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Are iPods too perfect?

Astute readers of this blog will have noticed my weird anti-iPod rants — which mostly consist of poking fun at hipsters who insist they absolutely need to have 10,000 songs at their beck and call, but who upon closer inspection turn out to listen to the same Maroon 5 album on infinite loop for three months at a time.

Well, it turns out there’s an even more interesting — and considerably more sophisticated — anti-iPod rant out there. It’s written by Dan Hill of the BBC, and he starts off by noting the one truly huge problem with the iPod: The short battery life. As users discovered last winter, an iPod battery can last as little as 18 months, but the warranty expires after 12. If it wasn’t under warranty, of course, Apple charged you $255 to replace the battery — and the tech-support people basically just told you to go buy a new iPod. It seemed like a transparently cynical ploy to get people to throw out their used iPods and buy new ones; it also caused one New York hipster to irrevocably lose his shit and shoot a hilarious movie called “iPod’s Dirty Secret”, which was promptly downloaded by about 17 billion horrified iPod owners, whereupon Apple — whaddya know — instantly issued a special $59 warranty extension, and a $99 battery-replacement kit. A nice ending, right?

Except that, as Hill notes, this episode illustrated a bigger and more subtle problem with the iPod: That’s it’s too “perfect”. You’re not supposed to muck with it or tinker with it in any way. You’re never supposed to inquire about what’s happening beneath that gorgeous shiny exterior. Of course, Apple’s genius has been in making machines so wonderfully designed that — most of the time — you don’t need to inquire what’s happening under the hood. That’s why iBooks are so easy to use! The problem is, Apple also actively tries to keep you from ever finding out what’s happening in there, even if you’d like to know. Back in the early days of Macintoshes, Apple engineers would reportedly get into arguments with Steve Jobs about creating ports to allow people to add RAM to their Macs. The engineers thought it would be a good idea; Jobs said no, because he didn’t want anyone opening up a Mac. He’d rather they just throw out their Mac when they needed new RAM, and buy a new one.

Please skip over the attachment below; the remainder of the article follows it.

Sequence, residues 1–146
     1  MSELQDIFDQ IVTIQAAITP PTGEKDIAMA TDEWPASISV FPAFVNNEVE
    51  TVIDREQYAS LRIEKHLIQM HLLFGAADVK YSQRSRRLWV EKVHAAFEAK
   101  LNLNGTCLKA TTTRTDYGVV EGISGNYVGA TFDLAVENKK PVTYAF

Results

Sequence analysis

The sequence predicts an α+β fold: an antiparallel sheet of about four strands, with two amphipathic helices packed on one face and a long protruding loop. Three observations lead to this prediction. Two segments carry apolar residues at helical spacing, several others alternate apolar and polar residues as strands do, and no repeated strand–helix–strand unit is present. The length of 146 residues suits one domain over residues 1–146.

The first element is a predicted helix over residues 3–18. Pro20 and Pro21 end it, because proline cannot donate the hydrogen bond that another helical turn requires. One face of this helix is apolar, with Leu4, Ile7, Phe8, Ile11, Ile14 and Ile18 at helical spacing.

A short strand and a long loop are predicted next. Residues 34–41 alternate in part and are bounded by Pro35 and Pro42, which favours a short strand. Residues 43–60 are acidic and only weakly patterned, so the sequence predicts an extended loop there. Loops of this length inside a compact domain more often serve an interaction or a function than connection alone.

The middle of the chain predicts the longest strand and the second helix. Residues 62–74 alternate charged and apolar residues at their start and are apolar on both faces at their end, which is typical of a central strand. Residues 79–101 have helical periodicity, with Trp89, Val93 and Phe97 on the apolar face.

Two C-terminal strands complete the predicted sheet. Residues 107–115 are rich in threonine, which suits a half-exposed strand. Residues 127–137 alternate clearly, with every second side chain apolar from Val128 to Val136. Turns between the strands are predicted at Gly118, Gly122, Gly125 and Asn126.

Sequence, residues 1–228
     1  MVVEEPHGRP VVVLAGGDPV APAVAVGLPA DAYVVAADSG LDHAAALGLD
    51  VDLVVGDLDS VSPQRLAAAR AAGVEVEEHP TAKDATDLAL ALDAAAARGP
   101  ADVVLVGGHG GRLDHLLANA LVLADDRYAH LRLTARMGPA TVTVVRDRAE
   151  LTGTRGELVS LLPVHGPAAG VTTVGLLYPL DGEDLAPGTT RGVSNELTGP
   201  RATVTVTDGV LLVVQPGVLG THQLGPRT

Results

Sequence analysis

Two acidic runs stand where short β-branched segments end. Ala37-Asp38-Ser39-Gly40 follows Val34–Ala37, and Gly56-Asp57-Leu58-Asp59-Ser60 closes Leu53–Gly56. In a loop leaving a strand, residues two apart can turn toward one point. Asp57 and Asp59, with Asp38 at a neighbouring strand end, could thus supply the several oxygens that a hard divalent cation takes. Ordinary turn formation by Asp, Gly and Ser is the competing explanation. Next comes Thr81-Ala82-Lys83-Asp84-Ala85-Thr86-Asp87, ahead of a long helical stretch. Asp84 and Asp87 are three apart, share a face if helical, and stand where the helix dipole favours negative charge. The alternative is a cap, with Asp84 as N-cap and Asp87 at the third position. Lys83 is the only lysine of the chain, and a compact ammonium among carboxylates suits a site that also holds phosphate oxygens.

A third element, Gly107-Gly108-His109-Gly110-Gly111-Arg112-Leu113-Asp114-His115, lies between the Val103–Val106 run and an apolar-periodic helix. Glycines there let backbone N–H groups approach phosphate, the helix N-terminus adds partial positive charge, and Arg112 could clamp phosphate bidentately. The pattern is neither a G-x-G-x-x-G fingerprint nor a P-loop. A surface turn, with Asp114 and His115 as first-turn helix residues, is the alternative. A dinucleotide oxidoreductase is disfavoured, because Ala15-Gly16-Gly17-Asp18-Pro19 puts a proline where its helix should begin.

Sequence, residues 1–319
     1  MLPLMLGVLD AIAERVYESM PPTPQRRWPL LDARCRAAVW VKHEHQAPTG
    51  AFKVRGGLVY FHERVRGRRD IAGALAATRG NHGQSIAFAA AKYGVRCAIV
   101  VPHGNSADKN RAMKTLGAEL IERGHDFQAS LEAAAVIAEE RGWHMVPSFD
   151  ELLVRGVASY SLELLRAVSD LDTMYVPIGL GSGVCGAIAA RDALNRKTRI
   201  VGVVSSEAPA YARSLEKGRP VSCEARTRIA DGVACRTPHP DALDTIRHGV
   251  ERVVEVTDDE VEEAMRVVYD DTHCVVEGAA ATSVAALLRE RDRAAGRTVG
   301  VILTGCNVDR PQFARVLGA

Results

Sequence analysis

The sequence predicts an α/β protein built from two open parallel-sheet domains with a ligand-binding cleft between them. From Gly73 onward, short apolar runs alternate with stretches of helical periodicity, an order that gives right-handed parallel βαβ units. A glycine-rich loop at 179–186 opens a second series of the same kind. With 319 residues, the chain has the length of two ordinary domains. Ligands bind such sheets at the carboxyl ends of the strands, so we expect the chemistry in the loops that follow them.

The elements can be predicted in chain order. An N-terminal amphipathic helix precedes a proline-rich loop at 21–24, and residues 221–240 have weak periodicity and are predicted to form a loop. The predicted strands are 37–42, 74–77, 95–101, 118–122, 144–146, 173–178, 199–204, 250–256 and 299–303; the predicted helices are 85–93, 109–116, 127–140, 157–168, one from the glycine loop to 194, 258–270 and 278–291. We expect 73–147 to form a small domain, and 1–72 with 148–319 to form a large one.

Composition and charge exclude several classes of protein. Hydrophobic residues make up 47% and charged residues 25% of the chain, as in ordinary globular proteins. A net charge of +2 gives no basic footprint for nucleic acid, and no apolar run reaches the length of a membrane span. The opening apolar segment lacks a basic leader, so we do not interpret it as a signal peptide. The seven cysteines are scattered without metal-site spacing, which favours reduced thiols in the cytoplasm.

Of course, we know who won this battle. The “Wintel” PC won: The computer that let anyone throw in a new component, new RAM, or a new peripheral when they wanted their computer to do something new. Okay, Mac fans, I know, I know: PCs also “won” unfairly because Bill Gates abused his monopoly with Windows. Fair enough.

But the fact is, as Hill notes, PCs never aimed at being perfect, pristine boxes like Macintoshes. They settled for being “good enough” — under the assumption that it was up to the users to tweak or adjust the PC if they needed it to do something else.

What does this have to do with the iPod? Well, the iPod was designed with this idea of perfection, and Apple went too far. They made it virtually impossible to replace the battery. If you don’t pay the extra money to Apple to do it for you, you can use the self-replacement kit — at which point you’ll discover that opening an iPod is like “cracking open a lobster”, as Hill notes: A curiously indelicate thing to do to such a lovely gadget. Hill puts it nicely:

The shock — which inspires the visceral response of the iPod’s Dirty Secret — isn’t that you can’t necessarily replace the battery at all — as many have made clear, at great length, you can — but that the design of the iPod suggests you don’t need to worry about this. Then, when you realise you do, you’re helpless and reliant on either after-sales service pushing you into buying a new iPod, or sending your device off to strangers. Or treating your beloved like a lobster.

Because the product wasn’t designed to look and feel as if it could change, the product itself appeared to be perfect, impervious to the ravages of time … No matter how many times you revolve the gorgeous beast in your hands, there is simply no way in — and no way out for the festering, dead battery.

The emphasis above is mine. A simpler way of putting it would be to say there’s a certain smugness to the design of an iPod — a way of saying, we know what’s good for you. In fact, we know it better than you do.

(Thanks to The Mystery Contributor for this one!)

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I'm Clive Thompson, the author of Smarter Than You Think: How Technology is Changing Our Minds for the Better (Penguin Press). You can order the book now at Amazon, Barnes and Noble, Powells, Indiebound, or through your local bookstore! I'm also a contributing writer for the New York Times Magazine and a columnist for Wired magazine. Email is here or ping me via the antiquated form of AOL IM (pomeranian99).

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